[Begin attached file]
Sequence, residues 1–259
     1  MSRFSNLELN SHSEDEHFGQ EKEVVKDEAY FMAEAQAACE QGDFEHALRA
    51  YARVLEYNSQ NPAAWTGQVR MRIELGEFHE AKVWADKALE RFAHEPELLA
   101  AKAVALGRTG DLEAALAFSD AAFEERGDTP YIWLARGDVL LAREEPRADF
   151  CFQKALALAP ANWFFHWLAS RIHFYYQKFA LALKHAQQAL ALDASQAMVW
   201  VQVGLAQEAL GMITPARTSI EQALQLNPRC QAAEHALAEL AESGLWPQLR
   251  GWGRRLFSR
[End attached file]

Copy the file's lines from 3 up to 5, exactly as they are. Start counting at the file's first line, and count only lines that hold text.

    51  YARVLEYNSQ NPAAWTGQVR MRIELGEFHE AKVWADKALE RFAHEPELLA
   101  AKAVALGRTG DLEAALAFSD AAFEERGDTP YIWLARGDVL LAREEPRADF
   151  CFQKALALAP ANWFFHWLAS RIHFYYQKFA LALKHAQQAL ALDASQAMVW